(CEN) Catherine Fox–A novel view of a dysfunctional future

I now think of 2016 as a gentle warm-up routine for blogging in 2020. I had a couple of sketchy plot strands for Tales from Lindford, and the original full moon names idea. Other than that, all I had was the characters and COVID-19. But isn’t that all that any of us had last year—one another, and COVID-19? I tried to capture it all, and reflect on it; all the tiny isolated lives, like little separate screens on a Zoom call, lonely people waving at one another and longing, longing to be together again. An old hymn runs throughout the book, one I used to sing in the Baptist chapel where I grew up: ‘God be with you till we meet again.’ The novel ends on 31st December 2020 with those words.

The novel ended, but the pandemic wasn’t over…. No. Absolutely not. I stuck my fingers in my ears, and sang la-la-la, but I could hear the dreadful siren call of the blogging rollercoaster. Readers have noticed that the last two times I set out to blog a novel, I picked the worst years in living memory.Now that I’ve begun blogging Volume 5 of the Lindchester Chronicles—The Company of Heaven—what fresh hell is going to overtake us? A giant asteroid six months away, and heading towards the earth? I could end up blogging the end times of the human race. Good Lord, deliver us!

We are very small, and our lives are precarious. The pandemic has taught us that. Whatever happens in 2021, I can only continue doing what I’ve been attempting all along—to explore the glory and the tragedy of the human condition in the context of The End, and to keep my hopes fixed on the Good Lord, and the limitless possibility of deliverance.

Read it all (subscription).

Posted in Books, England / UK, Parish Ministry, Poetry & Literature, Religion & Culture

(NYT) A 1956 review by W H Auden of J R R Tolkien’s ‘The Return of the King’

To present the conflict between Good and Evil as a war in which the good side is ultimately victorious is a ticklish business. Our historical experience tells us that physical power and, to a large extent, mental power are morally neutral and effectively real: wars are won by the stronger side, just or unjust. At the same time most of us believe that the essence of the Good is love and freedom so that Good cannot impose itself by force without ceasing to be good.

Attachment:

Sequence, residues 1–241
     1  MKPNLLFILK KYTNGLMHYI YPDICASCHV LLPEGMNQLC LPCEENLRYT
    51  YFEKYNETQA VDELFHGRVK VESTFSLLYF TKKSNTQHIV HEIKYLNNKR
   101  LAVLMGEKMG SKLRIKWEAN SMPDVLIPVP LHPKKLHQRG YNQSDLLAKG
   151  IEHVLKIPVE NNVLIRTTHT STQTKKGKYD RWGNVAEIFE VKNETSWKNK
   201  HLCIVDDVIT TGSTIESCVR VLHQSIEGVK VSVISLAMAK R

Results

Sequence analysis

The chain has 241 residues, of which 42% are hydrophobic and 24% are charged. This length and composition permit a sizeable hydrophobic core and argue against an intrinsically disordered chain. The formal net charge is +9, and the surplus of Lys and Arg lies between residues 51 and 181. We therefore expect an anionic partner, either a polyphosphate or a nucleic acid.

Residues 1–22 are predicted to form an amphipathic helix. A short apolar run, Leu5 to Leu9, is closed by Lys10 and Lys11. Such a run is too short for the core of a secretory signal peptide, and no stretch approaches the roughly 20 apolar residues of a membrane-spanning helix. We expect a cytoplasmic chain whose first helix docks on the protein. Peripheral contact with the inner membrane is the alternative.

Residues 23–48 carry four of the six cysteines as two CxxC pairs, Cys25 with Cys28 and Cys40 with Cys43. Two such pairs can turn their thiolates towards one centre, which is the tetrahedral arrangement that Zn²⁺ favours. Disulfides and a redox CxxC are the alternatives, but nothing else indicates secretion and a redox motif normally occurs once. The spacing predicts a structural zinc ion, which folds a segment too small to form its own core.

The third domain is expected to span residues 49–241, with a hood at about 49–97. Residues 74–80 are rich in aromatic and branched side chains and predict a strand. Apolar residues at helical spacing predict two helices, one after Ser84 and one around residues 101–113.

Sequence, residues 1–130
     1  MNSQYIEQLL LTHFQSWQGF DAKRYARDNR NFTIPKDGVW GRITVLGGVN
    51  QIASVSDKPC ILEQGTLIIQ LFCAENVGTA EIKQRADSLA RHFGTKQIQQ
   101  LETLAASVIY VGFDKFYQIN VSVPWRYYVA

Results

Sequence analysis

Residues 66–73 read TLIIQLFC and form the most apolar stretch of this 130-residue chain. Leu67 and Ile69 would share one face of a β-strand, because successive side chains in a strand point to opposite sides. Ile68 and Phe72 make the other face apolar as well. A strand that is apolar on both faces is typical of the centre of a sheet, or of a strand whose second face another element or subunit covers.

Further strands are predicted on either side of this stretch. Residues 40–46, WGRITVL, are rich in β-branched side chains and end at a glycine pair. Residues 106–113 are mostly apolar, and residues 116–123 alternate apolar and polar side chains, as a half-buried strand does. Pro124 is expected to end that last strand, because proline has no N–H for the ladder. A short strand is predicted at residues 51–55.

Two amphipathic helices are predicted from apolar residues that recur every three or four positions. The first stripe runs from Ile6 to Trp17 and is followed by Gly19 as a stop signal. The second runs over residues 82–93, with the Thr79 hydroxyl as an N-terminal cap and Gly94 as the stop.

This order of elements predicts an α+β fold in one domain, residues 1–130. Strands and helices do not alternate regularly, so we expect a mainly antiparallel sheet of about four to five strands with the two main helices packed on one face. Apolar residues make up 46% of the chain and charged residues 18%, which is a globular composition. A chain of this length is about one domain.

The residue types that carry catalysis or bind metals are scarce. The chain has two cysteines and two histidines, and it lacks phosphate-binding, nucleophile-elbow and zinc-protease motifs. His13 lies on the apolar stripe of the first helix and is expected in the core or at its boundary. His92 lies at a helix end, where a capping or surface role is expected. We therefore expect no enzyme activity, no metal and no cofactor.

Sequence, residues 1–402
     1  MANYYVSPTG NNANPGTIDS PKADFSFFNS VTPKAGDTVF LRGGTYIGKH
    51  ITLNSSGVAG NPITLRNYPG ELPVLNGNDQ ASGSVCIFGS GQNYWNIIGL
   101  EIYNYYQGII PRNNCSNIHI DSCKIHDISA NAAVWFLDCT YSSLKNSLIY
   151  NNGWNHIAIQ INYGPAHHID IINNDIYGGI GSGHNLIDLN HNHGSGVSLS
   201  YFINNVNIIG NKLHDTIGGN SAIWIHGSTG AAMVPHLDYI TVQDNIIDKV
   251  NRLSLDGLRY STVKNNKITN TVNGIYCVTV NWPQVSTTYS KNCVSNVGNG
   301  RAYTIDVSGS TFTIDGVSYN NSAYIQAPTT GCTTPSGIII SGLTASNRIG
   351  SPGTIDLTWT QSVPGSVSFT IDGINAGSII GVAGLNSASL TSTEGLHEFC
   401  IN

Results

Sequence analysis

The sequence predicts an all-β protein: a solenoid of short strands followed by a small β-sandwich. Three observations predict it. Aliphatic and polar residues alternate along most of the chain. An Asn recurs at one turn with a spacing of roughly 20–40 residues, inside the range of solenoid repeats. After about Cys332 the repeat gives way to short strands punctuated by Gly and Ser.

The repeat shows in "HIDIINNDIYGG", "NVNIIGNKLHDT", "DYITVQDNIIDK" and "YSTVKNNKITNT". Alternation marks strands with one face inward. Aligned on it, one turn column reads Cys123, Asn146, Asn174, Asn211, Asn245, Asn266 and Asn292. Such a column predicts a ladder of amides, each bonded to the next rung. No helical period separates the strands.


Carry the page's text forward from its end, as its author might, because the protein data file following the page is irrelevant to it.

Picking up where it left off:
The battles in the Apocalypse and “Paradise Lost,” for example, are hard to stomach because of the conjunction of two incompatible notions of Deity, of a God of Love who creates free beings who can reject his love and of a God of absolute Power whom none can withstand. Mr. Tolkien is not as great a writer as Milton, but in this matter he has succeeded where Milton failed. As readers of the preceding volumes will remember, the situation n the War of the Ring is as follows: Chance, or Providence, has put the Ring in the hands of the representatives of Good, Elrond, Gandalf, Aragorn. By using it they could destroy Sauron, the incarnation of evil, but at the cost of becoming his successor. If Sauron recovers the Ring, his victory will be immediate and complete, but even without it his power is greater than any his enemies can bring against him, so that, unless Frodo succeeds in destroying the Ring, Sauron must win.

Evil, that is, has every advantage but one-it is inferior in imagination. Good can imagine the possibility of becoming evil-hence the refusal of Gandalf and Aragorn to use the Ring-but Evil, defiantly chosen, can no longer imagine anything but itself. Sauron cannot imagine any motives except lust for domination and fear so that, when he has learned that his enemies have the Ring, the thought that they might try to destroy it never enters his head, and his eye is kept toward Gondor and away from Mordor and the Mount of Doom.

Further, his worship of power is accompanied, as it must be, by anger and a lust for cruelty: learning of Saruman’s attempt to steal the Ring for himself, Sauron is so preoccupied with wrath that for two crucial days he pays no attention to a report of spies on the stairs of Cirith Ungol, and when Pippin is foolish enough to look in the palantir of Orthanc, Sauron could have learned all about the Quest. His wish to capture Pippin and torture the truth from him makes him miss his precious opportunity.

Read it all (my emphasis).

Posted in Books, History, Poetry & Literature, Theodicy